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Davidson Students Awarded Watson Fellowships for Travel Abroad

March 22, 2001
Contact: Bill Giduz 704/894-2244 or bigiduz@davidson.edu

by Alexandra Obregon '00
Neiheisel and Carter
Liz Neiheisel (left) and Ben Carter will spend next year travelling abroad thanks to their Watson Fellowships.

Davidson College seniors Ben Carter and Liz Neiheisel have received Thomas J. Watson Fellowships to follow their interests to the far corners of the world. They are among sixty outstanding college seniors across the country to receive the prestigious $22,000 grants, which finance a year of independent study and travel abroad.

The fellowship will send Carter, a native of Russell, Ky., to China, India, Peru, and Cuba to explore his fascination with farming communities, sustainable agriculture, and what he calls "a misplaced romantic vision of agrarian life." Neiheisel will use the award to study street newspapers for homeless people in Russia, Romania, Ukraine, and Hungary.

Carter, an English major, will study the efficiency of cultural, organic farming techniques used by local farmers, which he believes are epitomized in the Hindi phrase amhimsic krishi, "nonviolent agriculture."

Carter said his Watson proposal stems not only from his interests in environmentalism, but also from an interest in experiential education and community building. He explained that subsistence farming carries important lessons about land as community, rather than commodity.

"Spending all day inside, reading, writing papers, going to meetings--it becomes easy to forget that our health depends upon the land's health," he said. "I am convinced that reestablishing our awareness of and responsibility to the non-human world is one of the most urgent issues of our time."

Carter is a William Holt Terry Scholar at Davidson, as well as president of Co-Ho Eating House, and a member of the College Union Board.

Neiheisel explained that street newspapers are part of an emerging movement in Eastern Europe to educate the public about homelessness. Integrating her interests in journalism and social service, Neiheisel will travel to five former Soviet-bloc cities to study the circumstances contributing to homelessness, evaluate the services available for the homeless, and analyze the contributions of the street newspapers to alleviation of the problem.

"The newspapers are a source of income for the vendors, who are homeless themselves," she explained. "But they are also a source of information for the patrons, and a rare source of truth about life in post-Soviet countries."

Working with local publishers, Neiheisel plans to conduct interviews with writers, vendors, and patrons of the newspapers, and with homeless individuals, and local government officials.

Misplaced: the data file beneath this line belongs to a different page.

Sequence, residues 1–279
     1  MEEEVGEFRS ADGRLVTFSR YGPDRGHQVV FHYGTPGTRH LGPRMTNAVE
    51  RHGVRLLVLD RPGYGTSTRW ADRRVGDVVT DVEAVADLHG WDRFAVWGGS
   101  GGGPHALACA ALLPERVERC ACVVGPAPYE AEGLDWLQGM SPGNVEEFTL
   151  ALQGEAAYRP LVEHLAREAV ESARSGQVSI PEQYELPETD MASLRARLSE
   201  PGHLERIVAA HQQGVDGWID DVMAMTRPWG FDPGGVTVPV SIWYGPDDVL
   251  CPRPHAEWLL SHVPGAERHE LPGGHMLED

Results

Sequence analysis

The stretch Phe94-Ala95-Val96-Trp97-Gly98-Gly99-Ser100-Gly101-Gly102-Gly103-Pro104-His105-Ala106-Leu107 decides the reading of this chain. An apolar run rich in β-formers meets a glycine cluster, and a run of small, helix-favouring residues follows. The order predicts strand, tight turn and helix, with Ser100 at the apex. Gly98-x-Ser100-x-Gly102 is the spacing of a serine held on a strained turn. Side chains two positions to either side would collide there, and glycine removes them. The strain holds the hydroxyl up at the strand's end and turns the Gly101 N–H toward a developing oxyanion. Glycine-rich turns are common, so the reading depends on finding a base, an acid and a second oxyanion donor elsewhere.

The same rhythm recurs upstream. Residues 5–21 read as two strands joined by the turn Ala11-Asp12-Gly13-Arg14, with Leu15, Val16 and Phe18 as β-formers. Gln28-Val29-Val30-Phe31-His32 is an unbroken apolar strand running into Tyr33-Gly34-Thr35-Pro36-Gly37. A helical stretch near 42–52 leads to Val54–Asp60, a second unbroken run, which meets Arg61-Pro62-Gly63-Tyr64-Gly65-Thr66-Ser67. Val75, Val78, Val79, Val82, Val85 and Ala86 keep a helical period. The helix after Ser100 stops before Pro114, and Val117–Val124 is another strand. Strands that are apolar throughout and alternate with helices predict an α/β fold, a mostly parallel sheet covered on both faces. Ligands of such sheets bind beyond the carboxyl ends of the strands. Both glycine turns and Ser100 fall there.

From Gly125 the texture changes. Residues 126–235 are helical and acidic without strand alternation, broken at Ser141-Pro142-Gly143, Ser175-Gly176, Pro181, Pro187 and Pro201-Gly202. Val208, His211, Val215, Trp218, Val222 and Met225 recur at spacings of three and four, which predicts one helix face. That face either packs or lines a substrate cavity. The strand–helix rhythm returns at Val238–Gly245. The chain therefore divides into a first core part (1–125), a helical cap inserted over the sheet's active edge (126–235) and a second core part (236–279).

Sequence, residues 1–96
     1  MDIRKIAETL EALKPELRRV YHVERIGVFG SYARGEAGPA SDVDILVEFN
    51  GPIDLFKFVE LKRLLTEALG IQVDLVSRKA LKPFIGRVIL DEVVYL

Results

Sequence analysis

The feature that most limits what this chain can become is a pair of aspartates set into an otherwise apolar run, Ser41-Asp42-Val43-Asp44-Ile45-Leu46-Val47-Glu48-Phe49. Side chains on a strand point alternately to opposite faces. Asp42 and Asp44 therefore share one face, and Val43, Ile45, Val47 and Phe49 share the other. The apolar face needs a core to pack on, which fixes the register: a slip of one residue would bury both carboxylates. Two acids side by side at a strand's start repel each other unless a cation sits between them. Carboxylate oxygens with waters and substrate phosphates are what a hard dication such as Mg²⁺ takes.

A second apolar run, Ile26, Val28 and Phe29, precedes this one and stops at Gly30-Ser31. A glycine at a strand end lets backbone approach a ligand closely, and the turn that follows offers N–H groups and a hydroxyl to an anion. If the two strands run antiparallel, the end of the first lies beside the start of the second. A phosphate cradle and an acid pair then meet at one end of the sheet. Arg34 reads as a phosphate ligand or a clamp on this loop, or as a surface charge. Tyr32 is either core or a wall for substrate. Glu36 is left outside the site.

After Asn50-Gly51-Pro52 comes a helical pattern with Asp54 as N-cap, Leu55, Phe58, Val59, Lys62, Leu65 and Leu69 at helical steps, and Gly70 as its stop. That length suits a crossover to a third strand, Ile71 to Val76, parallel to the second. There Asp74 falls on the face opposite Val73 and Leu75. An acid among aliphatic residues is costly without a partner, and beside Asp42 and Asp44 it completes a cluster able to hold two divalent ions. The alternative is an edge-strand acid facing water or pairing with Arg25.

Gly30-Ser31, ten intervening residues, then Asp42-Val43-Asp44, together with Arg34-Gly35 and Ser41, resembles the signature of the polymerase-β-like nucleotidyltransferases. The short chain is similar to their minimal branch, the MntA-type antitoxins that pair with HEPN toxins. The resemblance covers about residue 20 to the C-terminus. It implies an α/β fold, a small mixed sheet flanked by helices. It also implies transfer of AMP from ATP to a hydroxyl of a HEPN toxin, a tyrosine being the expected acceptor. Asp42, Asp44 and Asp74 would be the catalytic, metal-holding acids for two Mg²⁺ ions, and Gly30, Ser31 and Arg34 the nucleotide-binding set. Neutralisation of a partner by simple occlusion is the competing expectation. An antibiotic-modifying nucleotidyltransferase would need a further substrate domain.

Neiheisel first became interested in the subject while attending a non-fiction writing workshop in St. Petersburg, Russia, during her junior year abroad. Working on assignment for the workshop, she covered a story about the Salvation Army that led her to interact with homeless people.

She looks forward to learning more about the street newspaper movement through her Watson experience. "This is the research project of a lifetime," she said.

Neiheisel is a Center for Interdisciplinary Studies major at Davidson. She has been a contributor to The Davidsonian student newspaper, and the journal, PRIMA (Perspectives on International and Multicultural Affairs). She has been active in various community service programs, including Hands on Charlotte, Room in the Inn, and Leaps and Bounds--a middle school enrichment program she co-founded. Neiheisel is also a Bonner Service Scholar, and holds Neal, Massey and Jenkins scholarships.

Since 1968, the Thomas J. Watson Foundation's Fellowship Program has granted more than 2,000 awards with stipends totaling approximately $23-million. About sixty Davidson students have received Watson Fellowships since the inception of the program.

Davidson is a highly selective independent liberal arts college for 1,600 students. Since its establishment in 1837, the college has graduated 23 Rhodes Scholars and is consistently ranked among the top liberal arts colleges in the country by U.S. News and World Report magazine. Davidson recently launched "Let Learning Be Cherished," a $250 million campaign in support of student financial assistance, academic resources, and community life.

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